September 2016
Volume 57, Issue 12
Open Access
ARVO Annual Meeting Abstract  |   September 2016
Structural changes in the cornea after cataract surgery
Author Affiliations & Notes
  • William Binotti
    Ocular Pathology, McGill, Montreal, Quebec, Canada
  • Nabil Saheb
    Ocular Pathology, McGill, Montreal, Quebec, Canada
  • Leonardo Alencar
    Ocular Pathology, McGill, Montreal, Quebec, Canada
  • Carlos Augusto Moreira
    Ocular Pathology, McGill, Montreal, Quebec, Canada
  • Marta Esteves
    Ocular Pathology, McGill, Montreal, Quebec, Canada
  • Miguel N Burnier
    Ocular Pathology, McGill, Montreal, Quebec, Canada
  • Footnotes
    Commercial Relationships   William Binotti, None; Nabil Saheb, None; Leonardo Alencar, None; Carlos Moreira, None; Marta Esteves, None; Miguel Burnier, None
  • Footnotes
    Support  none
Investigative Ophthalmology & Visual Science September 2016, Vol.57, 1327. doi:
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    • Get Citation

      William Binotti, Nabil Saheb, Leonardo Alencar, Carlos Augusto Moreira, Marta Esteves, Miguel N Burnier; Structural changes in the cornea after cataract surgery. Invest. Ophthalmol. Vis. Sci. 2016;57(12):1327.

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      © 2017 Association for Research in Vision and Ophthalmology.

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Abstract

Purpose : Central corneal thickness increases significantly the day after cataract surgery due to edema, but returns to baseline between 1 week and 1 month post operation. The increased thickness is directly related to corneal edema and endothelial cell loss. Moreover, it is well-known that there is a 9% endothelial cell loss after uneventful cataract surgery. Herein, our aim is to analyze histopathological corneal changes after cataract surgery.

Methods : A total of 41 donor eyes (15 phakic and 26 pseudophakic) with clinical data, including age and sex, were stained with Masson’s Trichome and digitized using the Aperio AT digital scanner. Two measurements of the central corneal thickness (CT) and two peripheral thickness measurements (PT; 1500 µm anterior to Schwalbe’s line) from each eye were determined using an image analyzer (Imagescope). The mean central and peripheral thickness and standard deviation of both measurements were obtained. In addition, all endothelial cells in each sample were counted using an automated image analyzer algorithm.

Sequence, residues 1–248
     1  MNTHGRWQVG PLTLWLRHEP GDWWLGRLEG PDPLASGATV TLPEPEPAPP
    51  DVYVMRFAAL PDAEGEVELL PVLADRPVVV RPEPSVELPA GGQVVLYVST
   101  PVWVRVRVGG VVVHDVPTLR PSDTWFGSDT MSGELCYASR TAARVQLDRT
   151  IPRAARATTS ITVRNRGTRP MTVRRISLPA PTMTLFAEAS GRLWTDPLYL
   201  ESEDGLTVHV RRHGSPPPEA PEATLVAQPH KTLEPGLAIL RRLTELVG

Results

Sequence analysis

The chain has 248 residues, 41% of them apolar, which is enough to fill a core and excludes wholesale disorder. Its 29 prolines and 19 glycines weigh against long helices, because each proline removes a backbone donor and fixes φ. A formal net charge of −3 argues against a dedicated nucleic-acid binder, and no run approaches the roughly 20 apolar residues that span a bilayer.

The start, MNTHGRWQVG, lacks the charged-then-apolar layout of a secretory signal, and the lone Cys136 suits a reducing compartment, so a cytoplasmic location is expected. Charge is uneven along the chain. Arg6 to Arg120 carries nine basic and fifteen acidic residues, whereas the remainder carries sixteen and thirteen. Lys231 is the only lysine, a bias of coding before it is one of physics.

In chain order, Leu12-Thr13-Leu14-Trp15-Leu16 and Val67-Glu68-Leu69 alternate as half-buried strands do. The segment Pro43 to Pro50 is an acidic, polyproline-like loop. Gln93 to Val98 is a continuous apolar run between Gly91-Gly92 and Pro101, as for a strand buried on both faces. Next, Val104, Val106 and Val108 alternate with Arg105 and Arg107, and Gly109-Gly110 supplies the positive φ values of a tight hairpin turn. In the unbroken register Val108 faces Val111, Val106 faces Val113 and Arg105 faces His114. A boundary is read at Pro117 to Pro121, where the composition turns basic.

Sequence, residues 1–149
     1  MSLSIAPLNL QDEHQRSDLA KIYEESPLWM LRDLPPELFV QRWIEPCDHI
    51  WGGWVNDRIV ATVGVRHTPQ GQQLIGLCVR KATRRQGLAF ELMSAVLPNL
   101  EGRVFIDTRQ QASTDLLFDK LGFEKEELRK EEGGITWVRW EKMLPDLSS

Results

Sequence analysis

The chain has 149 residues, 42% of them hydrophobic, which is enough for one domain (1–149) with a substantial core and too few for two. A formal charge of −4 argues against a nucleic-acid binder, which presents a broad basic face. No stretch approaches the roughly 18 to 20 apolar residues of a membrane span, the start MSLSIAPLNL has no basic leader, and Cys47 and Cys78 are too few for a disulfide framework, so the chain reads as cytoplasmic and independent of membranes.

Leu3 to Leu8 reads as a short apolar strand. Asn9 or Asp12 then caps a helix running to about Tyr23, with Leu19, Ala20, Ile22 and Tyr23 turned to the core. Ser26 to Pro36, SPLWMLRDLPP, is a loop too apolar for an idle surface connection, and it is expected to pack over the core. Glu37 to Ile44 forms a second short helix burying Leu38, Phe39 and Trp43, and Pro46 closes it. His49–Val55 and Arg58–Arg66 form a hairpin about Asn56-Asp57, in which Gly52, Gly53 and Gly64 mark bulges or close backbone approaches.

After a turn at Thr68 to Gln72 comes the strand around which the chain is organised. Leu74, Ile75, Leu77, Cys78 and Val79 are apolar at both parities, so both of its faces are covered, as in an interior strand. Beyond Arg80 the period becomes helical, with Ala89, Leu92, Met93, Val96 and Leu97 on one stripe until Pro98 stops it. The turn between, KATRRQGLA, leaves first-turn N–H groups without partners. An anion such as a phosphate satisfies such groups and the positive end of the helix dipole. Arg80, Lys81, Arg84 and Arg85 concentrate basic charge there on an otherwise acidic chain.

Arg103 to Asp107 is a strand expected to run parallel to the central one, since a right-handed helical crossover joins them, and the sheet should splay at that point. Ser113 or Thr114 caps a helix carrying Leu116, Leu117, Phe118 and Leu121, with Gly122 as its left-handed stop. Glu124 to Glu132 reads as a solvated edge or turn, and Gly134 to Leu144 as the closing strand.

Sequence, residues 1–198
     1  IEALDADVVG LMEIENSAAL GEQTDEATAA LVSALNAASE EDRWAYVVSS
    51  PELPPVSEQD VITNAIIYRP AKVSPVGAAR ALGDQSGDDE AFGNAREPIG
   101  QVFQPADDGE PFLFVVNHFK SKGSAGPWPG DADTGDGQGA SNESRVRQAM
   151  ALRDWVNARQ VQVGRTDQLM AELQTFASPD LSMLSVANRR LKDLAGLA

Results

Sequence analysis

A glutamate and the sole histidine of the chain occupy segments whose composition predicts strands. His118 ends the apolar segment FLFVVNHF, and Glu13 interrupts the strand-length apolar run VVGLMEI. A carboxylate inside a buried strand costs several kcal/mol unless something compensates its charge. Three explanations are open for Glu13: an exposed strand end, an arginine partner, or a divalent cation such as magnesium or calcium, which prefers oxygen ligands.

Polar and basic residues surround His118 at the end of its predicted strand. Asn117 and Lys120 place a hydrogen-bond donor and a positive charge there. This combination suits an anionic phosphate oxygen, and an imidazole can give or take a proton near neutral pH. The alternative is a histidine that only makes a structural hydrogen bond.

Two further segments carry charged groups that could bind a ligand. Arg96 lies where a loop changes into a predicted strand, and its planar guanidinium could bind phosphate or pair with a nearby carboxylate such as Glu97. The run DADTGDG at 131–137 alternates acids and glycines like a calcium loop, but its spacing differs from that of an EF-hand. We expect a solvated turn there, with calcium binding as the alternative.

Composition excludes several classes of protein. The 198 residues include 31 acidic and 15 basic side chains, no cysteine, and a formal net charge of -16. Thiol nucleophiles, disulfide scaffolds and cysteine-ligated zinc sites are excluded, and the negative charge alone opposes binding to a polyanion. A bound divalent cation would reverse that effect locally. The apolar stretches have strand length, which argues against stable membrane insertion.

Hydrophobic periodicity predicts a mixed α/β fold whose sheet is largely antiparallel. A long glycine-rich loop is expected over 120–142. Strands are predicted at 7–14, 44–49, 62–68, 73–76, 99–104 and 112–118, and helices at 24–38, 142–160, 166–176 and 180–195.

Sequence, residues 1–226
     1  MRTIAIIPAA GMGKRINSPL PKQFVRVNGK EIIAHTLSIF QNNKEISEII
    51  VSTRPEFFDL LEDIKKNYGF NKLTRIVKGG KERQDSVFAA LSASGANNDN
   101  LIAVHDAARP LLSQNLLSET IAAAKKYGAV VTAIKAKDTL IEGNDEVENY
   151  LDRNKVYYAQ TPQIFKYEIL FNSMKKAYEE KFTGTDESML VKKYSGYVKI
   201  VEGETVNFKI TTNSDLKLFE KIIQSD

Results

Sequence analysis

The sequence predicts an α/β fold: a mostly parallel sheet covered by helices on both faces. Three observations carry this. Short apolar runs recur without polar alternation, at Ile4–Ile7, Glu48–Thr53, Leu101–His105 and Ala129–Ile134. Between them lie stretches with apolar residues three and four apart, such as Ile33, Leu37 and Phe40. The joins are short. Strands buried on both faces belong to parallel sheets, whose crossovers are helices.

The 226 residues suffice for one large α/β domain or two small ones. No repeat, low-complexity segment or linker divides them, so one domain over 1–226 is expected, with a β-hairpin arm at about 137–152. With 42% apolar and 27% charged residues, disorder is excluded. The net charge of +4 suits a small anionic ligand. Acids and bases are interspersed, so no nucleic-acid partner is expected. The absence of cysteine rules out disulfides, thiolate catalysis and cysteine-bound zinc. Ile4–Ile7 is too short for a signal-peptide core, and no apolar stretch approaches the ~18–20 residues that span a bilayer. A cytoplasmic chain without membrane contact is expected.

Results : In the phakic group, the mean age was 57.5 years (±16.0) and 53.3% were male. The mean CT and PT was 805.4µm (±74.8) and 986.9 µm (±59.3), respectively. In the pseudophakic group, the mean age was 77.2 years (±11.2) and 76.9% were male. The mean CT and PT was 794.4 µm (±82.9) and 978.6 µm (±86.9), respectively. No significant differences between the two groups with respect to CT and PT thickness were seen (P= 0.66 and 0.72, respectively). However, significantly fewer endothelial cells were present in the cataract surgery group (P=0.03)

Conclusions : The mean corneal thickness observed in the present study is larger than what is reported by in vivo studies; this is likely explained by postmortem artifacts. Nevertheless, no significant histopathological changes in corneal thickness were observed between normal and cataract groups. However, a decrease in endothelial cells in the cataract surgery group was determined using a novel endothelial cell counting algorithm. These results support the data from other studies that only count central endothelial cells and opens a new frontier in the histopathological analysis of endothelial cells following cataract surgery

This is an abstract that was submitted for the 2016 ARVO Annual Meeting, held in Seattle, Wash., May 1-5, 2016.

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